"Really poor children, in really poor neighborhoods have no habits of working and have nobody around them who works so they have no habit of showing up on Monday...Now, obviously, it's Newt's style to provoke people like Capehart, and, indeed, Capehart's denouncement of Newt in the pages of WaPo leverages Newt's message for him. Capehart lambastes Gingrich for his wealth and for his disrespect toward "the overwhelming majority of those children and their families who live their lives with far more integrity and far less cash than Gingrich ever will." Capehart is doing what he is hired to do, and he gets some cash for that.
"They have no habit of staying all day, they have no habit of I do this and you give me cash unless it is illegal"....
Both Gingrich and Capehart probably care to some extent about poor children. It's impossible to say how much. There's nothing about Capehart's liberal orientation that guarantees that he's more caring, though it's liberal style to pose as if you are. It's conservative style to offer love in "tough love" form, and that's what we get from Gingrich.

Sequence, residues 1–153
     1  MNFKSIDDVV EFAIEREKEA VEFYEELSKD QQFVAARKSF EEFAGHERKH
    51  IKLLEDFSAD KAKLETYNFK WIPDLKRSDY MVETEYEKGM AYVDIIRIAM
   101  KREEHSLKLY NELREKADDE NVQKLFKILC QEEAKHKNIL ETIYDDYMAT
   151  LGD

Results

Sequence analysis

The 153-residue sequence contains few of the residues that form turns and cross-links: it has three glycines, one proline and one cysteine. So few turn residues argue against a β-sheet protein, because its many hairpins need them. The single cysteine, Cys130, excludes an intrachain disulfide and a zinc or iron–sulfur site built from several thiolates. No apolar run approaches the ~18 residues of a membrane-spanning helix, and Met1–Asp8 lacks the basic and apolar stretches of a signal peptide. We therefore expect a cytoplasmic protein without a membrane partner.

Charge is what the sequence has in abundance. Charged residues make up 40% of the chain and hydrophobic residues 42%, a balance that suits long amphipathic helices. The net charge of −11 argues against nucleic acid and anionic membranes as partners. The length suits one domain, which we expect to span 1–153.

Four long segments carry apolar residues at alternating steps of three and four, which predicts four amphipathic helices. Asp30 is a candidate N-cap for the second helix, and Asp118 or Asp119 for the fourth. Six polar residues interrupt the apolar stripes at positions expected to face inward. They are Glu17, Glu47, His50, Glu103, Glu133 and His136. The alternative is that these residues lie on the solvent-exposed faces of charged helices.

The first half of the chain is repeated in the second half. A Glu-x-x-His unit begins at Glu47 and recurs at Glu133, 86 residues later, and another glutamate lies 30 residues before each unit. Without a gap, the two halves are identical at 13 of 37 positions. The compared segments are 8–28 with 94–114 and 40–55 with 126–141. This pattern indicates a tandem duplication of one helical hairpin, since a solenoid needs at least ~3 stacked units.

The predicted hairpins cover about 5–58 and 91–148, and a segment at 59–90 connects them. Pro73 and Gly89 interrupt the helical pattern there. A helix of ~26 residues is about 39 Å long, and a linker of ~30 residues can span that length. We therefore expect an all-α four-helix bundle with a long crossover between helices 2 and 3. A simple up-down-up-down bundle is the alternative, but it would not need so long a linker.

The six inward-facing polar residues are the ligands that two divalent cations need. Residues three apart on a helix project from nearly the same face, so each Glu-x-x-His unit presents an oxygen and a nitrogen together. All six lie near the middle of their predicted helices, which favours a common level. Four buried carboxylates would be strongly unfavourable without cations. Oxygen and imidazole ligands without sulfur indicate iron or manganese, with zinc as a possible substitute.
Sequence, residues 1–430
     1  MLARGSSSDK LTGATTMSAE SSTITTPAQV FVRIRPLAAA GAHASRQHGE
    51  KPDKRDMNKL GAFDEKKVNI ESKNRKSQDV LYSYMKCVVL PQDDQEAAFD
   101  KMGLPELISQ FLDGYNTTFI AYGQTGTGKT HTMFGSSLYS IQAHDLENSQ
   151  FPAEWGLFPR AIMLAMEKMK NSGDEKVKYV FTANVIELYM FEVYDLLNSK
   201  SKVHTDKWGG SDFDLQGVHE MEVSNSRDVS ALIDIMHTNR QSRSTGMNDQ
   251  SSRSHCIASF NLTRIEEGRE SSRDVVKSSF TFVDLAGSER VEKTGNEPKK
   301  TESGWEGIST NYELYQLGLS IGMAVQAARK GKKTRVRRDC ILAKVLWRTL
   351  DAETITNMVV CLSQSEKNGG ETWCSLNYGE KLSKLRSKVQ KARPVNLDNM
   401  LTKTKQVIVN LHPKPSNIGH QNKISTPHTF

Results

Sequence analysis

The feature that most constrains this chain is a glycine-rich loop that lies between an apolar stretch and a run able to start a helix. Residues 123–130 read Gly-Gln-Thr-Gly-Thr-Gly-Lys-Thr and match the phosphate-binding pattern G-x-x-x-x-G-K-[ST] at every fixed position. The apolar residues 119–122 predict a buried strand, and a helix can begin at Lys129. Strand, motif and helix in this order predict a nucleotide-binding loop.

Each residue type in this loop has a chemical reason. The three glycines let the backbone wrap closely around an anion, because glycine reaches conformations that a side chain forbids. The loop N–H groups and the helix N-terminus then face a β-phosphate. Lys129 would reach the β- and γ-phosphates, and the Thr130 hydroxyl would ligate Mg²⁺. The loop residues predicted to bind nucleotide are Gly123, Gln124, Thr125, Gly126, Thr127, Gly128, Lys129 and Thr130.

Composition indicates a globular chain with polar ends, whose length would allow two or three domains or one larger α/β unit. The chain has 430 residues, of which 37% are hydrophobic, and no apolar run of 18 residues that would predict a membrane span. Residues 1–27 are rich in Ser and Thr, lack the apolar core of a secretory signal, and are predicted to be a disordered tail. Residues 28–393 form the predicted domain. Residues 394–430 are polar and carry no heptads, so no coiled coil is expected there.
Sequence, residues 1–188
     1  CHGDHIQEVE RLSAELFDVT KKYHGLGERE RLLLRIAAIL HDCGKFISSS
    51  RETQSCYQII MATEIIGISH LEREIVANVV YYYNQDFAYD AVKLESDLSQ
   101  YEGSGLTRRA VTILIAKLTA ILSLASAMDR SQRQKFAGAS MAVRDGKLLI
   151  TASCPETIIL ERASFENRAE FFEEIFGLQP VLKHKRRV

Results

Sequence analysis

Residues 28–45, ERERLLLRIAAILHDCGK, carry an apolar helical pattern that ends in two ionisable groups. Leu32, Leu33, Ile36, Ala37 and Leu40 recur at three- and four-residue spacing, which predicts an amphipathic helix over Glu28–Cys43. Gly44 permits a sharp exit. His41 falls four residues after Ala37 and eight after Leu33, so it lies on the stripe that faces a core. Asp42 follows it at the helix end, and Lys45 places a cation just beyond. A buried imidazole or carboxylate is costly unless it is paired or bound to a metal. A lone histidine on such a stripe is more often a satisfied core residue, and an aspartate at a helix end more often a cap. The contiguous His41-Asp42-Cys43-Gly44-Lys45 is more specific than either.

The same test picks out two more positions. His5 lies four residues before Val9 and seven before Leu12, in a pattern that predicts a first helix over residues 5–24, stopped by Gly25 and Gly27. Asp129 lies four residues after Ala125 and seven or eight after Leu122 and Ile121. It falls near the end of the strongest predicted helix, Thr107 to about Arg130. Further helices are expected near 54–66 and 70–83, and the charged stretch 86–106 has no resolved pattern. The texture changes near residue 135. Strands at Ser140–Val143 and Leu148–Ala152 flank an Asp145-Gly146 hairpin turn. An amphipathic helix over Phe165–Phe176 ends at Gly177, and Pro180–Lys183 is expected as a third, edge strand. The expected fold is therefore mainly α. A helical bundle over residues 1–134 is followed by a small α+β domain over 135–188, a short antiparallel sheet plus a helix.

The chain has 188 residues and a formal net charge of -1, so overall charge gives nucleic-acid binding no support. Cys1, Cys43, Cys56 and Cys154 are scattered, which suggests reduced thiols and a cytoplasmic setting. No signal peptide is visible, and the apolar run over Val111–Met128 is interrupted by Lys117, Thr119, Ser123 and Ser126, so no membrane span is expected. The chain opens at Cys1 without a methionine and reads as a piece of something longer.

Liberal style, Capehart stirs up emotion: What a bad, greedy man Gingrich is! He condemns and disrespects children! Conservative style, Gingrich risks that we'll think he's mean as he invites us to think beyond those initial reflexive emotions.
Capehart declines the invitation.